|I had been waxing eloquent to Patrick Vinet
about the wonders of Georgian Bay for so long he could stand it no more.
He ejected from his desk and flew his Challenger from Mont Tremblant to
Edenvale. North of Montreal to north of Toronto. As the Challenger flies
this is 500 km. As the crow drives it is 750 km. Now that justifies a plane!
Here is the account of Patrick's guided tour!
(Webmaster's Note: As usual on challenger.ca you can click on the pictures below to see enlargements.)
Georgian Bay is a bay off Lake Huron however it is sometimes referred to as the sixth of the five Great Lakes. At 320 km by 80 km it is about the same size as Lake Ontario!
Fortunately navigation from Mont Tremblant to Edenvale Aerodrome
is rather easy:
Patrick's trip from Tremblant to Edenvale was in somewhat
The mission objectives were threefold: (1) to cruise Nottawasaga
Bay - the world's longest freshwater sand beach, (2) to hop Christian,
Hope and Beckwith Islands, and
Mission day dawned bright and clear - that's according to
Patrick - I'm never up that early!
In 1822 Georgian Bay was named after King George IV by Captain
Bayfield of the Royal Navy.
This day our sea was indeed sweet - from the giant sand dunes
of Bluewater Beach
Few Challenger flights are complete without umpteen landings
for no particular reason.
Henry and Yvonne McKinlay's cottage near Bone Island is definitely not for wheelplanes:
Henry parks his Challenger on a granite rock which slopes
up out of the water.
(Webmaster's Note: The prop on the left below is the McKinlay's Cessna - they're a two amphib family!)
Keith Robinson, from Go Home Lake, parked his Challenger at the McKinlay's boat dock.
Keith's own cottage hasn't seen a gently sloping shoreline
since the glaciers ran amok.
Since we will have a four ship formation we discuss protocol
We will fly out to follow the outer route along the unprotected
edge of the inland sea.
The western shore is the exact opposite - towering dark cliffs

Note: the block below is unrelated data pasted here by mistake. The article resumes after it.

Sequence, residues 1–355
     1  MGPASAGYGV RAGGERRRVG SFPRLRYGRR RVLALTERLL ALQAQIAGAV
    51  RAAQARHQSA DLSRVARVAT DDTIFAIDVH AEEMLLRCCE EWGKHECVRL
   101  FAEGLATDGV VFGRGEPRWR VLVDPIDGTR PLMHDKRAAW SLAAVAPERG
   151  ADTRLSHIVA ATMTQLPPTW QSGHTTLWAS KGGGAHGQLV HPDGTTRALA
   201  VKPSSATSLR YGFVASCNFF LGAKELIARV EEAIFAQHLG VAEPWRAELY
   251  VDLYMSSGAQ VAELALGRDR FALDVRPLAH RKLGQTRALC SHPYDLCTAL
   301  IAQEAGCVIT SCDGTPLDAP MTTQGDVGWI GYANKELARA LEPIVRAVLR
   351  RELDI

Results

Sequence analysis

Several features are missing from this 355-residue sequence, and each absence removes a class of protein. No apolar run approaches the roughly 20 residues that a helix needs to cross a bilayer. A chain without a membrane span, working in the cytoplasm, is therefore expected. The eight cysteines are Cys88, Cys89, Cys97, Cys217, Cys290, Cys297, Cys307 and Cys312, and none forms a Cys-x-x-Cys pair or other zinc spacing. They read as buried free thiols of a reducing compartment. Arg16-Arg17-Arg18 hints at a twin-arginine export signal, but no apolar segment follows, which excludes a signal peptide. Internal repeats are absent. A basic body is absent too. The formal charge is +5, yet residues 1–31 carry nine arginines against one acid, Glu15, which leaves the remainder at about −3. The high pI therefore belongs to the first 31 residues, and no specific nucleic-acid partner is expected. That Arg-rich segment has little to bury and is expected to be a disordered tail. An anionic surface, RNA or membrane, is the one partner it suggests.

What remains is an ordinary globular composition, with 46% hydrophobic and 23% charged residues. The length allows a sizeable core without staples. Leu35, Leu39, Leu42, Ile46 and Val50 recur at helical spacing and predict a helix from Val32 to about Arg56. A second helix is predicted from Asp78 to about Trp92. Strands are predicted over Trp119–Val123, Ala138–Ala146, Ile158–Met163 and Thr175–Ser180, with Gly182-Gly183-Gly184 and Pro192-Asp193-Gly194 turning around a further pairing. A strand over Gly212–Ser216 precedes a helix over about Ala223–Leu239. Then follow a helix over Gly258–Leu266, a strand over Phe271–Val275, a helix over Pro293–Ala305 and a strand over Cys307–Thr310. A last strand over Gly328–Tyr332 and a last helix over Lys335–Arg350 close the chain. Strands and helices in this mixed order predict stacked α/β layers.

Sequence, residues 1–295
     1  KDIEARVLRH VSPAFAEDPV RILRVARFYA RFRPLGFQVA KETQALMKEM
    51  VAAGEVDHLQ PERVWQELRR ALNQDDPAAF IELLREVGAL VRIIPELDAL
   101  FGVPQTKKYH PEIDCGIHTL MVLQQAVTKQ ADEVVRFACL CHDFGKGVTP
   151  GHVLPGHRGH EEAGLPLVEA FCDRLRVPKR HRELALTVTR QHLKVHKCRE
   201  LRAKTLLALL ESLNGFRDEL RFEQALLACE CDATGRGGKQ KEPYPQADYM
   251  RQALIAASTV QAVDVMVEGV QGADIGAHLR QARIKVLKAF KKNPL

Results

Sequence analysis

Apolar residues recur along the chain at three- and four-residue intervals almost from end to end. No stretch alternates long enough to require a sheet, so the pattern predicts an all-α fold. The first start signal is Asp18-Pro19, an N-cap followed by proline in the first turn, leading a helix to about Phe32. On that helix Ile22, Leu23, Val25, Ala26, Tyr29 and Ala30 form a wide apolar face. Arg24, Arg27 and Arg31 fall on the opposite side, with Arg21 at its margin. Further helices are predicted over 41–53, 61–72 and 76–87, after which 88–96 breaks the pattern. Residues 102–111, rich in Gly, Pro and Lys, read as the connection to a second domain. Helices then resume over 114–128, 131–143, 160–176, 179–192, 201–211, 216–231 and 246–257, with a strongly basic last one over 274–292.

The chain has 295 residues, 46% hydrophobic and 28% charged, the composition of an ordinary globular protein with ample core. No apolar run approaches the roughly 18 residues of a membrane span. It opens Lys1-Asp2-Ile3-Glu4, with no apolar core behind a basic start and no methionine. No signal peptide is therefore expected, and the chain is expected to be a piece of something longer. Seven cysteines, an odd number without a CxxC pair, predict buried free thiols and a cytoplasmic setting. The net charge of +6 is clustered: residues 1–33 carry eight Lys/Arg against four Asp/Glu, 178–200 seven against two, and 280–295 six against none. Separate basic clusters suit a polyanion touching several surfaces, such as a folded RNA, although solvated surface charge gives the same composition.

and extremely deep water.
Pointe au Baril, just past Parry Sound, is the apogee of our flight, an hour from the cottage.
Our inner route back along the bay loosely follows the Small
Along the eastern shore the trees are mostly wind swept pines
with a sprinkling of deciduous.
Two and a quarter hours after departure we land back at McKinlay's
After sandwiches and sodas a formal mission debrief followed:
Then, all good things having to come to an end, it was time
to take to the water.
Heading off into the sunset, to re-visit the big islands and longest beach on the way home:
(Ask Bryan why the picture below reminds him of a special day near Sydney, Australia!)
At the end of the day I downloaded the GPS track to my laptop. You can tell right away from the maps below that these are Challenger tracks - there's not a straight line to be found anywhere!
In total Patrick and I each logged 4.9 hours with one land
takeoff and landing plus seven water landings and takeoffs. The last two
water landings were well out from shore on glassy water.
We covered 275 miles - mostly over water at low altitude. As the crow flies it would have been much less - Edenvale to Edenvale is zero miles. If getting to the destination had been the goal, we could have stayed home. Thank goodness we didn't ! Here's to time spent getting nowhere!
As I write this travelogue it is early November - the five
day forecast has the word snow in it!
For more great Georgian Bay photos by Yvonne McKinlay and Patrick Vinet click to Hot Shots!